python3: 'where' keyword

Paul Rubin http
Mon Jan 10 07:44:05 EST 2005

"Carl Banks" <invalidemail at> writes:

> Paul Rubin wrote:
> > "Carl Banks" <invalidemail at> writes:
> > > > So do you approve of the movement to get rid of the print
> statement?
> > >
> > > Any little incremental change in Python you could make by having or
> not
> > > having a print statement would be minor compared to the H-Bomb of
> > > ugliness we'd get if suites of statements were to be allowed inside
> > > Python expressions.  Having or not having a print statement might
> > > violate some small aspect of the Zen, but it won't rape the whole
> list.
> >
> > How about macros?  Some pretty horrible things have been done in C
> > programs with the C preprocessor.  But there's a movememnt afloat to
> > add hygienic macros to Python.  Got any thoughts about that?
> How about this: Why don't you go to a Python prompt, type "import
> this", and read the Zen of Python.  Consider each line, and whether
> adding macros to the language would be going against that line or for
> it.  After you've done that, make an educated guess of what you think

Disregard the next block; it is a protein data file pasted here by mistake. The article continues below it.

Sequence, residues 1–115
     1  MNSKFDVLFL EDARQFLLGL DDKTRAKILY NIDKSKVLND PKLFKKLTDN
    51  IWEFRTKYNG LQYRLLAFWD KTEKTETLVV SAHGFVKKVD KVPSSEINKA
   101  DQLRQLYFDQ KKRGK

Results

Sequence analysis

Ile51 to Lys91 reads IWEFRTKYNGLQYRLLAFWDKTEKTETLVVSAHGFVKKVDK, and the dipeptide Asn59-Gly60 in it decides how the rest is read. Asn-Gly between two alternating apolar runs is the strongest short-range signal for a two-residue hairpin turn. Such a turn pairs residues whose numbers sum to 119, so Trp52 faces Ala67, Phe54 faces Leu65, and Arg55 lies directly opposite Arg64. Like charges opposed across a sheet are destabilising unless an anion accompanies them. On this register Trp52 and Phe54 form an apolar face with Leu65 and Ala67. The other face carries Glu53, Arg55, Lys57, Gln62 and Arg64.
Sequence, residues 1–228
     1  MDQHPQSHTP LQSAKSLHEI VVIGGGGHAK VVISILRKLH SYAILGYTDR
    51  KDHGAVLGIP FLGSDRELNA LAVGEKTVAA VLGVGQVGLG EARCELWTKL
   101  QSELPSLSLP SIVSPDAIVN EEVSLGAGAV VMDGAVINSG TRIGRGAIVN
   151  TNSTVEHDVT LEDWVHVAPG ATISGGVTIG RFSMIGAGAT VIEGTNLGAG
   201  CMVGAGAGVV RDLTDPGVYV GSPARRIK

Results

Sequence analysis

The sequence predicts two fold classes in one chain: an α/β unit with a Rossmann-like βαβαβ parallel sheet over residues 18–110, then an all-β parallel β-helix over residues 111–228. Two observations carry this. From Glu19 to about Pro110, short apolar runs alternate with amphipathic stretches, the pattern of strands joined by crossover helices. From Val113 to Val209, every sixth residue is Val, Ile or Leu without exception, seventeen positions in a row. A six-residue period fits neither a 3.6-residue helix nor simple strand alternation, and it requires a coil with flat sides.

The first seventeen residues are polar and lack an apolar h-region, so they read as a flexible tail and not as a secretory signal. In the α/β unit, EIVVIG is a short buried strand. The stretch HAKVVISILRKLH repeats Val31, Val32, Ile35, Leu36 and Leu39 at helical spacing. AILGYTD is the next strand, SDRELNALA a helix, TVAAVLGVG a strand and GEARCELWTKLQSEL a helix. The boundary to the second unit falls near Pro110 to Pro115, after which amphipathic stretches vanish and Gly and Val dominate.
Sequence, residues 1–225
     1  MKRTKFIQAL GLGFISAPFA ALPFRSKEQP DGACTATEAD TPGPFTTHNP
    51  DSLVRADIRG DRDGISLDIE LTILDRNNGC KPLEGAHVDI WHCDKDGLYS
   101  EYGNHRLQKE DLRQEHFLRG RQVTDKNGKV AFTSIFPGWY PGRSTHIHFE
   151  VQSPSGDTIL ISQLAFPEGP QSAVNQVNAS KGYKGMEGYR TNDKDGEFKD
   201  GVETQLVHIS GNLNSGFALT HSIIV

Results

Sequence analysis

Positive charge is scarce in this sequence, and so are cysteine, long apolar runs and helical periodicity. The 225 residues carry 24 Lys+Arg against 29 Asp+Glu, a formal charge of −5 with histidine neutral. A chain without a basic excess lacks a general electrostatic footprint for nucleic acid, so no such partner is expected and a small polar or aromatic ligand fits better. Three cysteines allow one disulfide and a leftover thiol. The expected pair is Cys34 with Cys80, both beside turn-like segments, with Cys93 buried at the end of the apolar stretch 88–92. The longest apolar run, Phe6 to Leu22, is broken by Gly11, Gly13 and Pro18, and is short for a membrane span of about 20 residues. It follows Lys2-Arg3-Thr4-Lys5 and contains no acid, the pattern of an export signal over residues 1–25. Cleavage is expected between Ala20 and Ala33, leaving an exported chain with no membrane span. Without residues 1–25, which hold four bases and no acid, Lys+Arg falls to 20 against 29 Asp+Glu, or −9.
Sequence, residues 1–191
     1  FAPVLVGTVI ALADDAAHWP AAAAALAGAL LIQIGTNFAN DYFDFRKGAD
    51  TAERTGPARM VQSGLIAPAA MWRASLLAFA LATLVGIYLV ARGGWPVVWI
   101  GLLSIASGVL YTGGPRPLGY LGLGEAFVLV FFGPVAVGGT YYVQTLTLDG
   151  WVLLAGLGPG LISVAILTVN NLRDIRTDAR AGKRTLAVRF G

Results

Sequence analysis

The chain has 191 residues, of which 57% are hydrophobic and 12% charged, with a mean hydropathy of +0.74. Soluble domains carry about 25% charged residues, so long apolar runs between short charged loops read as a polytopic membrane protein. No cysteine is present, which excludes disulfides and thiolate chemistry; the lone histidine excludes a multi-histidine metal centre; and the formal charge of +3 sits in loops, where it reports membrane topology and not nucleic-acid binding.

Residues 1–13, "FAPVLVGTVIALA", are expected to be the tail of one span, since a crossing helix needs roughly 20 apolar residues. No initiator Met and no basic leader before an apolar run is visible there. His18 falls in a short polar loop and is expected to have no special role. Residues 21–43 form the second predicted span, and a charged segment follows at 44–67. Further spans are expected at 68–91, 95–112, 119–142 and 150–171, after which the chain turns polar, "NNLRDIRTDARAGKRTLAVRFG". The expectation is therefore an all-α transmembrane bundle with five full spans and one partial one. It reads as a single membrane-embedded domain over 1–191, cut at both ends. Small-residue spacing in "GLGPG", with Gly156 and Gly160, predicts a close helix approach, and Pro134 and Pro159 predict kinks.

> I'd think about macros, citing various Zens to support your guess.
> Then I'll tell you what my my thoughts about it are.

    The Zen of Python, by Tim Peters

    Beautiful is better than ugly.   => +1 macros 
    Explicit is better than implicit. => +1 macros
    Simple is better than complex.  => +1 macros
    Complex is better than complicated.  => I don't understand this, +0
    Flat is better than nested.  => not sure, +0
    Sparse is better than dense. => +1 macros
    Readability counts. => +1 macros
    Special cases aren't special enough to break the rules. => +1 macros
    Although practicality beats purity. => +1 macros
    Errors should never pass silently. => +1 macros
    Unless explicitly silenced. => +1 macros
    In the face of ambiguity, refuse the temptation to guess. => +1 macros
    There should be one-- and preferably only one --obvious way to do it. => -1
    Although that way may not be obvious at first unless you're Dutch. => ???
    Now is better than never. => +1 macros, let's do it
    Although never is often better than *right* now. => +1 
    If the implementation is hard to explain, it's a bad idea. => unknown, +0
    If the implementation is easy to explain, it may be a good idea. => +0
    Namespaces are one honking great idea -- let's do more of those! => +1

I'm -1 on doing stuff by received dogma, but in this particular case
it looks to me like the dogma is +12 for macros.  What are your thoughts?

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